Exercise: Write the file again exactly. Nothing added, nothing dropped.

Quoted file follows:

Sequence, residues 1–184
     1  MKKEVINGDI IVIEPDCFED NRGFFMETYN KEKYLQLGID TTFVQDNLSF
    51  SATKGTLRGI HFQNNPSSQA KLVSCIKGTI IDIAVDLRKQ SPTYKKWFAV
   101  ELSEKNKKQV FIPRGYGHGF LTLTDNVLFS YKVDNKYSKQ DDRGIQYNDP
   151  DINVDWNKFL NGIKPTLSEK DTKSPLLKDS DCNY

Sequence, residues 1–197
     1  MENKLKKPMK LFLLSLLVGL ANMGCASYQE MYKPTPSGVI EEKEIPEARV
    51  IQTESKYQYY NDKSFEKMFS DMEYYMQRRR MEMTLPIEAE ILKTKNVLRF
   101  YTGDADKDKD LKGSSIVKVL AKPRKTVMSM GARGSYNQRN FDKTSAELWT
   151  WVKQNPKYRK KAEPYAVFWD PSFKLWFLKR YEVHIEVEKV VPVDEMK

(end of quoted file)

Sequence, residues 1–184
     1  MKKEVINGDI IVIEPDCFED NRGFFMETYN KEKYLQLGID TTFVQDNLSF
    51  SATKGTLRGI HFQNNPSSQA KLVSCIKGTI IDIAVDLRKQ SPTYKKWFAV
   101  ELSEKNKKQV FIPRGYGHGF LTLTDNVLFS YKVDNKYSKQ DDRGIQYNDP
   151  DINVDWNKFL NGIKPTLSEK DTKSPLLKDS DCNY

Sequence, residues 1–197
     1  MENKLKKPMK LFLLSLLVGL ANMGCASYQE MYKPTPSGVI EEKEIPEARV
    51  IQTESKYQYY NDKSFEKMFS DMEYYMQRRR MEMTLPIEAE ILKTKNVLRF
   101  YTGDADKDKD LKGSSIVKVL AKPRKTVMSM GARGSYNQRN FDKTSAELWT
   151  WVKQNPKYRK KAEPYAVFWD PSFKLWFLKR YEVHIEVEKV VPVDEMK